You can bend the stems down well past the point of being perpendicular to the main upright stem, and just leave them to reorient themselves. Or, you can bend the stem, put it where you want it, and tie it down.
In this picture, the two second-highest stems were bent down and left to recover. Look close and you'll see them at the third node down from the top.
I just tuck them down and leave them a lot. The plants will raise the stems back up within 24 hours, and you will have noticed a significant growth spurt in the stems you bent by 48 hours. The same plant, five days later...
All apologies for the poor angle of that shot, but you can see that Gladys is becoming a nice little bush.
This also helps the plant focus it's growth on the branches lower than the ones you bent, and therefore grow out; not up.
This can (and should) be done to the main stem as well, and in this way you can get the kind of thing Cannadude posted earlier- horizontal plants. I didn't really follow that method to the T... but being creative and trying new things usually ends in me learning a lot. I would recommend adapting these techniques for yourself, try new stuff!
I like to tie the stem down at a 90 degree angle to its original position. Like this.
You can, however, take that one step further. If you carefully bend your plants further down, eventually they can be tied to themselves, causing a 180 degree bend in the main stem. This is easy, and will give you great results.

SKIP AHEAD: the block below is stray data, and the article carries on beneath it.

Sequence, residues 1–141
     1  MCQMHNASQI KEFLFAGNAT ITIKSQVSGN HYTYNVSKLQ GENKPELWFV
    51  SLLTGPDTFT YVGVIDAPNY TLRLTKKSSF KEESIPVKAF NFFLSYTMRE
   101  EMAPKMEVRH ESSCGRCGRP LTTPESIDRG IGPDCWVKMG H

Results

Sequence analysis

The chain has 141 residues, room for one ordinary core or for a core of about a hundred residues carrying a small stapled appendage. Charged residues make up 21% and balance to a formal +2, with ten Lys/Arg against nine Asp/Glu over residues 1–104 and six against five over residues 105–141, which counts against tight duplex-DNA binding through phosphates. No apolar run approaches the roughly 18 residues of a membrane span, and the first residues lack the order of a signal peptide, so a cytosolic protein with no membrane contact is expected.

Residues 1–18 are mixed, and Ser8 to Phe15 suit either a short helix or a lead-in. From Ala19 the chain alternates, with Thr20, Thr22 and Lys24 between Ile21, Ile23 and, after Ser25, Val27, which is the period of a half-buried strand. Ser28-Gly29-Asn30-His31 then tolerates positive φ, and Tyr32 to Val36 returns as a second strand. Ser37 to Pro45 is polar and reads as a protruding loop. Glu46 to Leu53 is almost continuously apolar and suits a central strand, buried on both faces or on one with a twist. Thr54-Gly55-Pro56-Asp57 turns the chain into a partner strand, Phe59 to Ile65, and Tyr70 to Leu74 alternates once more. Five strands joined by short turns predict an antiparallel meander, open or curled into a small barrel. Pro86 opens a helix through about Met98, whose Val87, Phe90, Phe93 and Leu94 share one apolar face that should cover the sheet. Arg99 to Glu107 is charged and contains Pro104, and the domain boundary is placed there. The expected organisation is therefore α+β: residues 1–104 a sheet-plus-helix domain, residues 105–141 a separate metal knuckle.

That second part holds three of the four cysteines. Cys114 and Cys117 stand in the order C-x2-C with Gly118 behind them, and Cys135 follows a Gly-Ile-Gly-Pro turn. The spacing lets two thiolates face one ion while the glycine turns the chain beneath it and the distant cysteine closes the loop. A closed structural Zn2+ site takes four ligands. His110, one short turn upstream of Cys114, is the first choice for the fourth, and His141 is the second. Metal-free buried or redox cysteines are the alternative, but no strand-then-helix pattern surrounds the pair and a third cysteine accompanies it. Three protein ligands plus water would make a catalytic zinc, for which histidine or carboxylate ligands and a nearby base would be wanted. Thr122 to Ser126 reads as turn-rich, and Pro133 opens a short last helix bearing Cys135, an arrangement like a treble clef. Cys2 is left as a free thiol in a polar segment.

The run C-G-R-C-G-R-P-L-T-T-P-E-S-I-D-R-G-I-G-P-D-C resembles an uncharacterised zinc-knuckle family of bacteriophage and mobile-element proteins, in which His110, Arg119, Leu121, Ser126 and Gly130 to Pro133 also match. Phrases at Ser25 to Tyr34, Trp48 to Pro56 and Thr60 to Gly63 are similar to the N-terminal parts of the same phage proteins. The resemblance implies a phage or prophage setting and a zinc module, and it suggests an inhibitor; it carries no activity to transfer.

Unfortunately I don't have any pictures of this, but it worked out great for me, I guess you'll just have to trust me on that. When the stem is tied to itself, suddenly all the lower growth is getting direct light. This causes the plant to react and send Auxins down the stem to new places, causing more new growth shoots to develop. But you've read enough about that already.
You can tie your plants to whatever, really. I used a paperclip and a lighter to melt little holes in the rims of my pots. Use some nylon, hemp, or whatever kind of rope, and you're in business.
Or, use some $Free.99 metal garden screen you have or come across. I wrapped it around the pot and bent it together to keep it there, like so.
Suddenly you have plenty of tie points, and with your handy dandy pinching techniques you can make your plant look however you would like it to look.
Go to town. I leave mine tied for about a week at a time, before adjusting the placement and tying them again. This is what I got.
I wondered as well, what happens when you just tie them once and leave them? It turns out, this.
This is Henrietta. Here you can see I pinched her terminal growth bud, causing the main stem to split. I think this can be done earlier than topping, but I'm not sure. It worked for me...
She went from this...
One pinch, and two ties that I never untied. It really couldn't have been easier. The other plants, being tied and untied on a weekly basis, have required a lot more maintenance than good ol Henrietta.
You can see how easy it is to do this... you can get some fairly solid results if you just top/FIM/pinch and tie down once.
Hopefully this shed some light on something new, or at least gave you an example of just how half-assed you can do this and still get great results.
Peace out, and remember that the important thing is to grow weed. Haha